On Beling a Public Intellectual 8 January 2008Posted by Todd in Academia & Education, Commentary.
Tags: academia, public intellectuals, Russel Jacoby
Russel Jacoby’s recent essay in The Chronicle of Higher Education revisits his 25 year old contention that the American public intellectual tradition is dead. In the 1980s, Jacoby argued simply that the professionalization of academia, the postmodern movement in the humanities, and the publish or perish working conditions produced a huge generations of scholars who wrote for each other in a kind of academic echo chamber instead of for the public. I was in high school at the time and cared more about my long bangs and pegged pants (yes, I was gay then, too) than I did about academia, so his argument was lost to me and perhaps my generation. Responses to his book amounted to, it seems, a bunch of huffy academics stomping their feet and insisting that they were in fact relevant and public (Jacoby notes wryly that no one heard them).
During graduate school in the 1990s, I was introduced to the idea of a public intellectual through cultural theory and cultural studies (which ironically is often in form and content completely anti-public in its obfuscation of the obvious and misapprehension of the most basic of social facts). And as I mentioned a few weeks ago this became something of an ideal for me, to do research and thinking that would somehow matter beyond my narrow social circles in academia. I have since had to temper that ideal because the realities of academic work, particularly of getting tenure, in many ways foreclose the possibility of being a true public intellectual along the lines of, say, Daniel Bell or Kenneth Galbraith (both of whom Jacoby mentions).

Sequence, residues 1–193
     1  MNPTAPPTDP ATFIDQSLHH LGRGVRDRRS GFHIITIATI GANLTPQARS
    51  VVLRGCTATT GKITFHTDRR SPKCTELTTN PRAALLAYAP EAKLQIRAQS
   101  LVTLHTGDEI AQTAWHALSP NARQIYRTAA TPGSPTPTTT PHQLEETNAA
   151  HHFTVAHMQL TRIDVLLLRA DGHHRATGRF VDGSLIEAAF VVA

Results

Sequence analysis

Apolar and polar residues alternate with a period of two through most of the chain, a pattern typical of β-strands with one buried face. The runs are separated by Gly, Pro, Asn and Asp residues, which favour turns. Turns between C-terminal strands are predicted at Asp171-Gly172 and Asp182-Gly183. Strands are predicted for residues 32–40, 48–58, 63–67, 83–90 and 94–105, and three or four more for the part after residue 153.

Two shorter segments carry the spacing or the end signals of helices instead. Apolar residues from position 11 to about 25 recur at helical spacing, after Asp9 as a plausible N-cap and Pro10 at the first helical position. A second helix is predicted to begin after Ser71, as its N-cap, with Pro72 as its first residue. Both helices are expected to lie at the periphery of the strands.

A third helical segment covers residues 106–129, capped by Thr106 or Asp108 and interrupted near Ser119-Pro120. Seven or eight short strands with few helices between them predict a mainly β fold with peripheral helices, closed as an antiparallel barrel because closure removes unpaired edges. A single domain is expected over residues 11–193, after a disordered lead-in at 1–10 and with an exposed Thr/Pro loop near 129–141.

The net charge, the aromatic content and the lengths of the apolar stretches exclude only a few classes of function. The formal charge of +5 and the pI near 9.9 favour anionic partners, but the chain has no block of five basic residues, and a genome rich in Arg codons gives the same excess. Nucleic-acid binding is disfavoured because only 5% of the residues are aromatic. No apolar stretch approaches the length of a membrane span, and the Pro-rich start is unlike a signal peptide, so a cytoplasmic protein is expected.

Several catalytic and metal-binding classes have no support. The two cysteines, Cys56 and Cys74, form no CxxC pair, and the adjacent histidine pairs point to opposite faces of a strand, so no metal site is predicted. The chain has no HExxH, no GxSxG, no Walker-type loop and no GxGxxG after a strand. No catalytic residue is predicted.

I suppose I even started this blog in the hopes of attracting people to think with me and get some of my thinking out there. But the realities of blogging are that it takes a lot of time, it’s highly uneven, my personal posts about hot actors get 80% of my internet hits (I suppose I could create a separate academic blog, which would get no hits at all), and although my intellectual and smart friends do engage with me, it’s basically my small circle of friends. Jacoby argues that in many ways blogging is a further deflection from public intellectualism and that many intellectuals are starting to give up on blogging and go back to writing books and articles. Intellectually, my own posts are of a lower quality than something I write for publication; I usually write them off the cuff, stream of consciousness style, and the arguments are usually rushed and only lightly evidentiated.
Although I decry the loss of true public intellectuals in American culture along the lines we used toknow before the 1970s, I also wonder if it’s even possible any more. Technology has fragmented our attention, and not even the well-educated among us have the time or patience to follow a long, detailed argument. Professors themselves have teaching loads more than double what they were 50 years ago and have publication requirements that would have made no sense in the 1930s when it was assumed that in general you had to be a seasoned scholar before venturing into book writing.
My own book which will be out soon (I know I keep saying that, but it really is happening this time), despite my efforts to make the prose more accessible, will at best sell 500 copies to libraries and may get skimmed from time to time by a grad student here and there looking at 1960s gay culture.
His sarcasm twinkling, Jacoby ends his article with a celebration of the loss of public intellectuals:
Yet let us accept, for the moment, the argument that humanities departments house more leftists than Home Depot or the police department. Shouldn’t this be something that conservatives celebrate, not decry? Doesn’t this mean that the system works elegantly, not poorly? Are these professors the successors to the last generation of intellectuals? If so, society has successfully insulated them. They inhabit a protected environment where they can neither harm each other nor reach outsiders. As academic intellectuals subvert paradigms and deconstruct narratives in campus symposia, conservatives take over the nation. Brilliant!